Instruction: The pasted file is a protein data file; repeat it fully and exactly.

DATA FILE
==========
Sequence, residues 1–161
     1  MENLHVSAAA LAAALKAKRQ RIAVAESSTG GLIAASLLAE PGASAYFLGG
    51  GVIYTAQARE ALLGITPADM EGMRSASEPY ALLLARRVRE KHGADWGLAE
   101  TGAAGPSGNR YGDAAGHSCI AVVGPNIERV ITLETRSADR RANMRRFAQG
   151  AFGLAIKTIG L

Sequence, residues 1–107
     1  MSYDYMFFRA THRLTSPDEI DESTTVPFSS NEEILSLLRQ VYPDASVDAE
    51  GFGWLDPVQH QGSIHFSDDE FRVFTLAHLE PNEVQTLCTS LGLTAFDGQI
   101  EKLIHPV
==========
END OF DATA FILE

Sequence, residues 1–161
     1  MENLHVSAAA LAAALKAKRQ RIAVAESSTG GLIAASLLAE PGASAYFLGG
    51  GVIYTAQARE ALLGITPADM EGMRSASEPY ALLLARRVRE KHGADWGLAE
   101  TGAAGPSGNR YGDAAGHSCI AVVGPNIERV ITLETRSADR RANMRRFAQG
   151  AFGLAIKTIG L

Sequence, residues 1–107
     1  MSYDYMFFRA THRLTSPDEI DESTTVPFSS NEEILSLLRQ VYPDASVDAE
    51  GFGWLDPVQH QGSIHFSDDE FRVFTLAHLE PNEVQTLCTS LGLTAFDGQI
   101  EKLIHPV